The Bank of England

The economy shrank unexpectedly in November as election uncertainty delivered a blow to output (The Times £). The economy grew at its weakest annual rate since 2012 in November amid political chaos over Brexit (Sky News). The economy slammed into reverse ahead of the General Election as political uncertainty hammered business (The Daily Mail). The UK’s economy grew by just 0.1% in the three months to November, according to the Office for National Statistics (The BBC).

The pound fell below the $1.30 mark yesterday as currency traders ratcheted up the odds of an interest rate cut this month (The Times £). Pressure is mounting on the Bank of England to cut interest rates after figures showed the economy went into reverse in the month before the general election (The Telegraph).

Women working at Asda are paid on average 6.5% less than their male colleagues, the supermarket chain announced yesterday. In a submission to the government, Asda said that it had closed its median gender pay gap by 1.1% in 2019. (The Times £)

The government has been urged to rethink its tax and benefit rules for low-paid workers after it emerged that some staff at the bakery chain Greggs could get to keep just a quarter of their £300 annual bonus as a result of universal credit deductions. (The Guardian)

Greggs’ charity work and staff profit-shares show others how ethical business can reap rich rewards, writes The FT. “Sceptics of responsible capitalism often warn that diluting the focus on profits leads to weaker companies and slower growth. Long may Greggs continue to prove them wrong.” (The Financial Times £)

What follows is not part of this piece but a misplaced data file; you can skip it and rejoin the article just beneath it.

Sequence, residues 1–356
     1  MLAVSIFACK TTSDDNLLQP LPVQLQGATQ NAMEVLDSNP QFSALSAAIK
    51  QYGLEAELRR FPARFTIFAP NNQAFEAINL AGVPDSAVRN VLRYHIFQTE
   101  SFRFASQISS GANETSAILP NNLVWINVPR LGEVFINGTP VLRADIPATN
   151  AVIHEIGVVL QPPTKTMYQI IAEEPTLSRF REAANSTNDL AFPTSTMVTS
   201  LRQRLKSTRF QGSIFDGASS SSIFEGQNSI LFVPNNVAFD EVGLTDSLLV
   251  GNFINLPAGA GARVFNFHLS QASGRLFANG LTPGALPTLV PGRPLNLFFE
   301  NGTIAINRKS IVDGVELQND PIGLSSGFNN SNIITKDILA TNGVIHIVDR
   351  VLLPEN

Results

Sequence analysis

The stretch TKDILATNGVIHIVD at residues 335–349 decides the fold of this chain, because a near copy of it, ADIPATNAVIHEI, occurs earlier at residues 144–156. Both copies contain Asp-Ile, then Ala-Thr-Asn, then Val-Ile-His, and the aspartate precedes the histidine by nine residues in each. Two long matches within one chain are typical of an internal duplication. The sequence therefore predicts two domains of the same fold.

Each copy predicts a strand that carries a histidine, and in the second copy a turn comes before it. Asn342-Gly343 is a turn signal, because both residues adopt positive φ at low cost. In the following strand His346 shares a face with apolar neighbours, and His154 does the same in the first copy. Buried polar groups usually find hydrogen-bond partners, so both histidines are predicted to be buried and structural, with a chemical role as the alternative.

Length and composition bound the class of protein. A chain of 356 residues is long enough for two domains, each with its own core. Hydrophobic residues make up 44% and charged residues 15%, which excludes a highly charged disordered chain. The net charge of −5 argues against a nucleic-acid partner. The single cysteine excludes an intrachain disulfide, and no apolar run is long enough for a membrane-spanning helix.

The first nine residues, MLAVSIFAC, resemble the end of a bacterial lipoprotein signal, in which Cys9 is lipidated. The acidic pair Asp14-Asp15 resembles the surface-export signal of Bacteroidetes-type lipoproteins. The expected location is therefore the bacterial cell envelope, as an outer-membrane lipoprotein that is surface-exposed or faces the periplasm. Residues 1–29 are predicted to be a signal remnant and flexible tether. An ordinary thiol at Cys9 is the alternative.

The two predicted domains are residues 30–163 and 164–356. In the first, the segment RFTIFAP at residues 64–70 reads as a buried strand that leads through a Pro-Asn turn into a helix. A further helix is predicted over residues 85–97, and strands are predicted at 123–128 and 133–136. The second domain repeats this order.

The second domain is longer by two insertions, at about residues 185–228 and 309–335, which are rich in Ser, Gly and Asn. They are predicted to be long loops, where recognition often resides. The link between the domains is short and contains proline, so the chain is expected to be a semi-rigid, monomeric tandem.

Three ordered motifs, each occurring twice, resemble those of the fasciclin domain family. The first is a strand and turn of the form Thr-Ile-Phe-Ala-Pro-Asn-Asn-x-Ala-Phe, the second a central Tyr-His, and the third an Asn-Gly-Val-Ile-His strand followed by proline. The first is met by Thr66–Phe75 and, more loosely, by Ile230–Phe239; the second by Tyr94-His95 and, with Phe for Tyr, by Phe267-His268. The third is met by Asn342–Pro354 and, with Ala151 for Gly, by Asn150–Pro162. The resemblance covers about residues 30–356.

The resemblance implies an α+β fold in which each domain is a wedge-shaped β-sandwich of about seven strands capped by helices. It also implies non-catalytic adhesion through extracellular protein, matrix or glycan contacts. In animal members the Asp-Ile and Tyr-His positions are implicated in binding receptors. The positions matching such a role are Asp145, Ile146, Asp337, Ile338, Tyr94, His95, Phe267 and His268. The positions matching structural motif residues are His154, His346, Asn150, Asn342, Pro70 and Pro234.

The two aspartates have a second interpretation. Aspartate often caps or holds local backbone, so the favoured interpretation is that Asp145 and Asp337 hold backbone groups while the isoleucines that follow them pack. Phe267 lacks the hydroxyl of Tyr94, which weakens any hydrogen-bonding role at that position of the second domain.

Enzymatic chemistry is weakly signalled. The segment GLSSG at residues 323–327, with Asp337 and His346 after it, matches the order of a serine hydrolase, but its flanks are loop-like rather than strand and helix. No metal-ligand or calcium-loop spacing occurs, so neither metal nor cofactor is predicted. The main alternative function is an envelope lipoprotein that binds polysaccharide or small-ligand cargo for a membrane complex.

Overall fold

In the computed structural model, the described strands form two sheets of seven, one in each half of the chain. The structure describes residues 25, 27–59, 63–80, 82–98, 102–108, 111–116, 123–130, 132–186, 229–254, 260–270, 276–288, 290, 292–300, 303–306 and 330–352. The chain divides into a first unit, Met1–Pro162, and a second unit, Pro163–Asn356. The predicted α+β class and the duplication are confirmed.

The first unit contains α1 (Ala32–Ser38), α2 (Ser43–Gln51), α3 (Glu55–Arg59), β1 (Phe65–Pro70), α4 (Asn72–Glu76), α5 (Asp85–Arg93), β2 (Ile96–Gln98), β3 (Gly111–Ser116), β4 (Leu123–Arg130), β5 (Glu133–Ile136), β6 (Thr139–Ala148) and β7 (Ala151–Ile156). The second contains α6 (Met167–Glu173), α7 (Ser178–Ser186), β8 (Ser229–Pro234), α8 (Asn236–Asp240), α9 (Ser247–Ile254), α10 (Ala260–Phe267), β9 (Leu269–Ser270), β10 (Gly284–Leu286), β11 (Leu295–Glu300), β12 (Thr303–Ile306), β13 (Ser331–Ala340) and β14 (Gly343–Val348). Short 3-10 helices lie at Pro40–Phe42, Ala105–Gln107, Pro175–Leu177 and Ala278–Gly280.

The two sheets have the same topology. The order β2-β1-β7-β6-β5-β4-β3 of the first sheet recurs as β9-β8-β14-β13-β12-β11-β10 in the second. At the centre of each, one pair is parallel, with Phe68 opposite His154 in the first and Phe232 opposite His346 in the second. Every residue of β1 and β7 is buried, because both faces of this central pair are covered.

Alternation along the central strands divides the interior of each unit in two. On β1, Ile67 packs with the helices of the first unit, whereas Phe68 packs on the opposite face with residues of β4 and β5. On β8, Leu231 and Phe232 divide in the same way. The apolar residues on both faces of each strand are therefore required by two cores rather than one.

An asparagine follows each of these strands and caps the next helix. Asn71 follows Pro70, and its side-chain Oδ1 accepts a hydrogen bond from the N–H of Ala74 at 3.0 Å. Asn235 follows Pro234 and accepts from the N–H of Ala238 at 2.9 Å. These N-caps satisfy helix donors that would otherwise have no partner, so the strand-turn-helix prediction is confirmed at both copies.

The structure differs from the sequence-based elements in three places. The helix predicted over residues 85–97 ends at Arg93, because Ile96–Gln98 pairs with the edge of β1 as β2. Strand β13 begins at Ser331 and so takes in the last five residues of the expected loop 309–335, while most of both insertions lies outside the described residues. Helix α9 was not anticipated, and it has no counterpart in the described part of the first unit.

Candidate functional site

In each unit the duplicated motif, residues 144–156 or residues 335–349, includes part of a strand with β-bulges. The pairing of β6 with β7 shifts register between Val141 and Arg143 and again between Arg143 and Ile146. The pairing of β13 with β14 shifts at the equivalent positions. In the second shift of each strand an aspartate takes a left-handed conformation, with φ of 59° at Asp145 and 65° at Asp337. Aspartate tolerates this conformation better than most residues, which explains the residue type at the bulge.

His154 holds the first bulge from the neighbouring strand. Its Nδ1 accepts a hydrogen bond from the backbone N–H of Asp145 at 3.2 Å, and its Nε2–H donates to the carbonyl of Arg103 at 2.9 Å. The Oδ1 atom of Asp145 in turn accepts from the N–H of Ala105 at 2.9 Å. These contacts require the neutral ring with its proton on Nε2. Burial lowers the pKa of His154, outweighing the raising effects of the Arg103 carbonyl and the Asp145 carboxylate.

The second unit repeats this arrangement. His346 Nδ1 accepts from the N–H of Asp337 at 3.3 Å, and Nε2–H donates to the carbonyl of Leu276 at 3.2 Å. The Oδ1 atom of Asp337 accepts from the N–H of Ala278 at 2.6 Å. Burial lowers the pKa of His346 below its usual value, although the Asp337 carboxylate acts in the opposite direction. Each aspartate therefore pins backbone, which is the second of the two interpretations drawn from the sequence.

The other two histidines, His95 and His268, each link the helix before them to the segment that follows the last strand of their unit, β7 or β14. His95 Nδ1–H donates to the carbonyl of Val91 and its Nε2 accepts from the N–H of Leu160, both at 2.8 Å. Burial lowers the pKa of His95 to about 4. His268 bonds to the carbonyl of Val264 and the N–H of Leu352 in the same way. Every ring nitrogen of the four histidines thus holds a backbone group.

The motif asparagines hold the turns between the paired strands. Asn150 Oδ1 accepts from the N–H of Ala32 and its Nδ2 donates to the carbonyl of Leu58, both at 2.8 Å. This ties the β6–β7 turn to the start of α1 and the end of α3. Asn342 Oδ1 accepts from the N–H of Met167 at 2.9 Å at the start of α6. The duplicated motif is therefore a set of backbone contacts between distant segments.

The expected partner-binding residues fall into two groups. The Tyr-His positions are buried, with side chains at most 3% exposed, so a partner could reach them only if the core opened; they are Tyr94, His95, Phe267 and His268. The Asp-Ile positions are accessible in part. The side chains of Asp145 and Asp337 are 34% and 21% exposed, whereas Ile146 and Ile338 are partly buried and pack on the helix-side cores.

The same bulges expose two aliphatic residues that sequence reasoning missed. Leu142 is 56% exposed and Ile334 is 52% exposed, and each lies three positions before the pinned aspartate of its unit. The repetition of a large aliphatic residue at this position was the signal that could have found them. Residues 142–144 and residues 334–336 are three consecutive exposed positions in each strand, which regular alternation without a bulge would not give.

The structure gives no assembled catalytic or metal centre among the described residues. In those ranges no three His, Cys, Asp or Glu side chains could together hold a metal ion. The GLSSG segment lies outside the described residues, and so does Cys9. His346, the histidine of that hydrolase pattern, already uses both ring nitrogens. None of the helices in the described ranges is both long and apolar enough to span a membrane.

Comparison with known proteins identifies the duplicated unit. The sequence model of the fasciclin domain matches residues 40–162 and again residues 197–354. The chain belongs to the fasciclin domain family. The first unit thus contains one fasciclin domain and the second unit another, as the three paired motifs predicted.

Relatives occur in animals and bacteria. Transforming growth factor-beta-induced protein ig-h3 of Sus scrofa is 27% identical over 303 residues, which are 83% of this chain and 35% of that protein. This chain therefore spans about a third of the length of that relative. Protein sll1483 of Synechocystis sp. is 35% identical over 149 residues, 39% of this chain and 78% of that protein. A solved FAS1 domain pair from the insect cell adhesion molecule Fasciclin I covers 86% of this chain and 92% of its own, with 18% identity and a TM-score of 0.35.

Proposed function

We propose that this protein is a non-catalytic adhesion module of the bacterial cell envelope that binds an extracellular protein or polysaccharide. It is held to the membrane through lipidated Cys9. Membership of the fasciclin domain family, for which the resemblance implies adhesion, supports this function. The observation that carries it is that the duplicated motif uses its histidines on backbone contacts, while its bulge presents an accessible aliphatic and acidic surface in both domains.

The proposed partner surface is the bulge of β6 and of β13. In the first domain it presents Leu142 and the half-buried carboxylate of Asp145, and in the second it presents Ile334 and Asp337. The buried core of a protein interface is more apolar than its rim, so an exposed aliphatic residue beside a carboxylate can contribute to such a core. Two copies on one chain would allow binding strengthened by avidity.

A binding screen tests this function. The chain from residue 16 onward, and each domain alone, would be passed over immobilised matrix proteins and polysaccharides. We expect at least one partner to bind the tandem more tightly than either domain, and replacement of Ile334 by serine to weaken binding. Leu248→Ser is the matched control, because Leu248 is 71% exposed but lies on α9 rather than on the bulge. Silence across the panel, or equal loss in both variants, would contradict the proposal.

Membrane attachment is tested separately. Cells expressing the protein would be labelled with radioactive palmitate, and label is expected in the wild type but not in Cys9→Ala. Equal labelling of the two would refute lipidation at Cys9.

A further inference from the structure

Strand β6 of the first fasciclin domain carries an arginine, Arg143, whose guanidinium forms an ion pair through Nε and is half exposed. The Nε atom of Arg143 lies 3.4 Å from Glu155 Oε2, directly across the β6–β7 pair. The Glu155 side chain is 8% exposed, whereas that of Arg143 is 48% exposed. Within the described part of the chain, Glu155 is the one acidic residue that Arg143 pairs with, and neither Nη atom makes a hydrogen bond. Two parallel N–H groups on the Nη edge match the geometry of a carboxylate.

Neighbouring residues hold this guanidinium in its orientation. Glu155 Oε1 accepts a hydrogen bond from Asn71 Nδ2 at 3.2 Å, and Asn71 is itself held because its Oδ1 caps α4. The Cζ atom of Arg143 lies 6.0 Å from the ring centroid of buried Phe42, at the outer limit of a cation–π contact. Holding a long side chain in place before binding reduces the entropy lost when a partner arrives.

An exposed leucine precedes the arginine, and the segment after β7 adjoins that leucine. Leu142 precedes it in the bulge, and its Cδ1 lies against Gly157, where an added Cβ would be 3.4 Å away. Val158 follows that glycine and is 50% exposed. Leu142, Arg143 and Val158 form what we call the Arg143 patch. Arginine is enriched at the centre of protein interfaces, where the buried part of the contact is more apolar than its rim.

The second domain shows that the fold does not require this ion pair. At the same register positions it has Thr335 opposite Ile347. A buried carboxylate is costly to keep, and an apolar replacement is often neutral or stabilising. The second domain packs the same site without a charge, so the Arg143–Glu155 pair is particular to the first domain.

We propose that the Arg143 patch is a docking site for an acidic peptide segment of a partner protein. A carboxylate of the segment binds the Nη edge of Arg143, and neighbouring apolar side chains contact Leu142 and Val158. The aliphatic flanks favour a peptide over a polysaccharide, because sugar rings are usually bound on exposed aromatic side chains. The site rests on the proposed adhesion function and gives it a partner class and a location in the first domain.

The BBC’s Panorama programme looked at how to save the UK’s crisis-hit High Streets – The BBC says: “To tempt us back and rejuvenate the High Street and its shops, planners and retailers will have to work together to build a much more enticing offer to get us off our computer screens and bring us back from out of town shopping centres.” (The BBC)

Former Tesco boss Sir Terry Leahy says business is ready to invest in the UK after the general election result. Despite previously arguing for the UK to remain in the EU, Leahy says he believes the Tory majority means Boris Johnson can deliver Brexit and businesses can finally plan for life outside the EU. (The Daily Mail)

A flurry of high-profile stock market listings are expected to bombard the City this year as investors’ enthusiasm rebounds. Household names including Asda, Poundland, O2 and Jaguar Land Rover are on the watchlist of companies that could go public in 2020. (The Daily Mail)

Shoppers have been warned about the risks of buy now, pay later schemes by a helpline that expects a call about debt every four minutes in January. The Money and Pensions Service, which is backed by the government, said it was gearing up for its busiest period of the year. (The BBC)

England’s players were not the only ones to feel deflated after the Rugby World Cup. A disappointing tournament was part of a cocktail of negatives that left the City Pub Group nursing a nasty hangover yesterday (The Times £). Train delays and poor attendances during the Rugby World Cup will cause profits to be ‘slightly below expectations’ at the City Pub Group (The Daily Mail).

The Guardian looks at how crisp flavours went from simple to sensational. It was five decades after crisps were invented that flavouring was applied: cheese and onion. Now you can buy varieties from bratwurst to spiced cola. But what inspired this explosion? (The Guardian)

Walmart India has cut executive jobs as it tries to carve out a path to profitability in the midst of an escalating battle for market share. (The Financial Times £)